Bubba the Love Sponge and Todd "MJ" Schnitt legal fight puts shock jock format built in Tampa on trial
(UPDATE: Cox Radio, the company which owns the station which broadcasts Bubba Clem's show in Tampa, WHPT, struck a settlement Friday with Todd "MJ" Schnitt to drop out as defendants in his lawsuit against Clem, agreeing to keep terms of the arrangement confidential. The existence of the settlement was confirmed by Schnitt's lawyer, according to John Barry, the Times reporter who has joined me in reporting on this case. He will be covering the trial, which is selecting a jury, today.)
It’s more than just a clash between two of the biggest stars – and egos – in Tampa Bay radio.
Todd “MJ” Schnitt’s lawsuit against Bubba the Love Sponge Clem, which goes to trial today, just might dismantle a brand of in-your-face radio which has been a signature of the local scene for many years – revealing all the secret tricks and embarrassing scandals behind the careers of two longtime titans.
Schnitt filed the lawsuit back in 2008, accusing Clem of “false, highly offensive and defamatory statements” about him and his wife Michelle, as competition heated up between the two on morning radio. Clem was returning to local broadcasting on Cox Radio’s WHPT-FM (102.5) after getting fired by Clear Channel and spending years on satellite radio, promising to target Schnitt as the then-top rated morning guy on his MJ Morning Show at WFLZ-AM (93.3).
It was a classic, old school radio war, filled with insults and exhortations to fans that they join Bubba Clem (once known simply as Todd Clem, the shock jock legally changed his name years ago), in trying to bury his rival. And it worked, catapulting Clem to the top of the ratings shortly after his return.
But Schnitt says the competition crossed a serious line, inspiring listeners to force his car off the road on the Courtney Campbell Causeway, threaten him physically and throw raw eggs at his house, initiating five years of legal wrangling which has culminated with today's showdown in a Tampa courtroom.
Clem was in court and unable to appear on his show this morning, as producer Brent Hatley and Clem's other on air foils played clips from past shows, promising the shock jock would returns Tuesday full of commentary.
In contrast, Schnitt has followed his original strategy of declining to comment about it all, either on his own politically-oriented talk show on WFLA-AM (970) or to the media.
Still, a host of people connected to Cox Radio, Clear Channel, Schnitt and Clem have been subjected to extensive depositions, as lawyers for both companies and both stars attempt to prove their positions – a possible preview of testimony to come.
In one deposition, Schnitt admits faking some of the “crotchety calls” prank phone calls aired on his WFLZ morning show – a signature bit where he pretended to be an old man calling businesses with oddball questions, instead calling interns or actors, who pretended to be shocked bystanders.
Former Tampa area Cox Radio executive Jay O’Connor compared Clem’s campaign against Schnitt to a political campaign in another deposition, noting their goal was to drive up negative impressions of their rival in the same way politicians target opponents.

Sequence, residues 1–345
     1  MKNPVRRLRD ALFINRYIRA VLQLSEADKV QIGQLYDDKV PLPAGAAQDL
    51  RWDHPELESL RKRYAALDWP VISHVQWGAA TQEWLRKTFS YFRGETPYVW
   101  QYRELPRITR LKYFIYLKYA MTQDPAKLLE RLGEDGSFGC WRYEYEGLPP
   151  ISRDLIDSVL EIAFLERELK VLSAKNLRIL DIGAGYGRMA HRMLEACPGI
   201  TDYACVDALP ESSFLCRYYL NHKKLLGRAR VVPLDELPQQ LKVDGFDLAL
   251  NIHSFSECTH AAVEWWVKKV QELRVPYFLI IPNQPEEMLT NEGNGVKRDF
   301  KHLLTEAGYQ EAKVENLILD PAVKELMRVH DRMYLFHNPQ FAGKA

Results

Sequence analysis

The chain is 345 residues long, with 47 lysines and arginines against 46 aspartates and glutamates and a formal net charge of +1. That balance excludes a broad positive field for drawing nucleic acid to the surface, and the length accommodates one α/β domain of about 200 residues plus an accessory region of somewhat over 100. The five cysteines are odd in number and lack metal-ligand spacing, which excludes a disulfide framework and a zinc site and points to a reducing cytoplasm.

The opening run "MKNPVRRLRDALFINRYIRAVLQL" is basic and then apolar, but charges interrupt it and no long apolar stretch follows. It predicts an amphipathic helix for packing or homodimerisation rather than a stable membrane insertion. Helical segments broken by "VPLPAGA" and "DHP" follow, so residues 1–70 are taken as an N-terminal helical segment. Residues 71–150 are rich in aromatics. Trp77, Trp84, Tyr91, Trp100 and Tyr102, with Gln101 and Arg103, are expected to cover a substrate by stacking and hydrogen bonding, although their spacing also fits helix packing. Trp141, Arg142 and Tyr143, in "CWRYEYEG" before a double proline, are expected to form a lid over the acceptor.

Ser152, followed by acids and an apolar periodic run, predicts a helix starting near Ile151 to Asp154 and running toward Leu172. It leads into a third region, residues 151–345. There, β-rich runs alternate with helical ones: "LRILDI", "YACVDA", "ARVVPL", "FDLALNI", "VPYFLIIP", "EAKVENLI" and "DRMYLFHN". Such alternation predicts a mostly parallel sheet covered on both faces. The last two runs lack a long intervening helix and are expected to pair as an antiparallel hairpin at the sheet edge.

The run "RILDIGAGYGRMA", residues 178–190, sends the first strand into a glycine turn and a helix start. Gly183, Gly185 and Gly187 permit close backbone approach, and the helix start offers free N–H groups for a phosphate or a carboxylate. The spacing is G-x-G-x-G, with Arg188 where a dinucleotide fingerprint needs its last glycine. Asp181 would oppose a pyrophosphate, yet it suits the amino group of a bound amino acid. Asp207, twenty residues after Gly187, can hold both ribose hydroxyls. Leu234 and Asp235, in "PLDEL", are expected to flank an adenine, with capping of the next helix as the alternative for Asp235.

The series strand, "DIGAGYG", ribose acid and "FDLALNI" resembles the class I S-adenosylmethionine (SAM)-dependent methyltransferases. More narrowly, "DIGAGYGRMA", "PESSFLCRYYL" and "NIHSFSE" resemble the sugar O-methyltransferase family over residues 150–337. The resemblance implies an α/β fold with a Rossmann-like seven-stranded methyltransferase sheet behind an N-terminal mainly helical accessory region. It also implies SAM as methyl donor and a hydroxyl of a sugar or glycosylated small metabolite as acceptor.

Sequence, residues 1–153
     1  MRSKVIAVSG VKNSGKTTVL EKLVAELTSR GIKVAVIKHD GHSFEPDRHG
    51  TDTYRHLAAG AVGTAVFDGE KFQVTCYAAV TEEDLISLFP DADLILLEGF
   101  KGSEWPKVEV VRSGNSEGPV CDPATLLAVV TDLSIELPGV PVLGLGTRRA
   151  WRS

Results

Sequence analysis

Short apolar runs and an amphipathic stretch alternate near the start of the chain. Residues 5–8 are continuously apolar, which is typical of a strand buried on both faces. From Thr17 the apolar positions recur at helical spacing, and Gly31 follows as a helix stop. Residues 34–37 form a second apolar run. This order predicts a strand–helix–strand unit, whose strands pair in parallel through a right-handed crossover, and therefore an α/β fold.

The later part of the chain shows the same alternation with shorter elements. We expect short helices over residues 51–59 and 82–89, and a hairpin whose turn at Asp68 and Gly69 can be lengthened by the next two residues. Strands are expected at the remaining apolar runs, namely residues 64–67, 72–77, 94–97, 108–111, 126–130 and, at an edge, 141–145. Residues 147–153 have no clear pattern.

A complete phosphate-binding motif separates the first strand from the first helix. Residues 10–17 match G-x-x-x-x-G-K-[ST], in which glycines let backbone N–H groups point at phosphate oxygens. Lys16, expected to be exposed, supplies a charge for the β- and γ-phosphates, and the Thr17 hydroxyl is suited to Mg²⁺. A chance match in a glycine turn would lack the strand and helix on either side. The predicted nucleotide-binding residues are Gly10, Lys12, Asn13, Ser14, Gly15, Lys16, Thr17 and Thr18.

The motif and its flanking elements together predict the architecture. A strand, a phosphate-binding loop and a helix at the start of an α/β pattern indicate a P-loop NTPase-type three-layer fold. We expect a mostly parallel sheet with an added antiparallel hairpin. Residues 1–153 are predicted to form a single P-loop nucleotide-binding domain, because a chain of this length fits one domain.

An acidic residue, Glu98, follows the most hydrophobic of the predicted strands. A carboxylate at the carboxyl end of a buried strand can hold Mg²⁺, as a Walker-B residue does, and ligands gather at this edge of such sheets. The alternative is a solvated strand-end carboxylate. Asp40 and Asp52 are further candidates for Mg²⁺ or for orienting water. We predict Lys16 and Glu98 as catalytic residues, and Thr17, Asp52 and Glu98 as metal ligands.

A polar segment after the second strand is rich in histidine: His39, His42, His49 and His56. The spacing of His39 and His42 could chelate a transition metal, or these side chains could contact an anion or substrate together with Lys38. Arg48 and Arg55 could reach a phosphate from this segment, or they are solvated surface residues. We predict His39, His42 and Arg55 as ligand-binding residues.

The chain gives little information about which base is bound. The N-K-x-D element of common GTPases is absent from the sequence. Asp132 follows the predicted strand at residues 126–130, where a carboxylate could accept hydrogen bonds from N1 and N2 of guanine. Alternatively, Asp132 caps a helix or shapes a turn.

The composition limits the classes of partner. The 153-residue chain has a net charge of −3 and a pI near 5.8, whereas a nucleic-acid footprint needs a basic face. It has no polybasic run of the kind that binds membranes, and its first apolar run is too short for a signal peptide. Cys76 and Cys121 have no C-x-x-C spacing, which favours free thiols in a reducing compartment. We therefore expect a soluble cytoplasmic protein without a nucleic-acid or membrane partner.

Such testimony, delivered in open court, could reveal uncomfortable truths about both stars’ media empires. And should Schnitt win a big judgment, the penalty could put the final nail in a shocking, irreverent style of radio programming developed in Tampa Bay, in which feuds and harsh pranks between competitors were once commonplace.
And the fact that all this has resulted from a lawsuit filed by a radio personality who was once the top practitioner of the form may be the biggest irony of all.
Only media consumers of a certain age will remember the style of radio featuring such hijinks was developed in Tampa in the 1980s, as part of the "morning zoo" format. Developed by Cleveland Wheeler and Scott Shannon at WRBQ-FM (Q105), the format featured a crew of regulars, attention-getting call-in personalities sometimes developed by staffers and high-profile stunts which might be faked for maximum listener impact.
The format became a national sensation when Shannon took it from Tampa to the New York station Z-100, sparking outlets across the country to adopt it. The "morning zoo" name has fallen out of favor, but many radio shows have continued to use the same techniques, varying the level of public controversy and explicit content, including Clem's program and Schnitt's MJ Morning Show, which ended last year.
But the dark side of such morning zoo formats was the way they could take on rivals with mean-spirited pranks, urging fans to get involved in the conflict. Back when WFLZ decided to target WRBQ's success, they printed up t-shirts reading "screw the Q"; Clem accuses Schnitt of telling fans from his WFLZ morning to boo him at a public appearance in 1994, sparking a rivalry which has continued to this day.
Times staff writer John Barry and I spent time poring through the depositions and court filings, producing this preview for the newspaper.
Depending on how it all turns out, this could be an interesting coda to the days when Tampa area radio talents such as Schnitt, Clem and Shannon were exporting an irreverent and profitable style of radio to the world.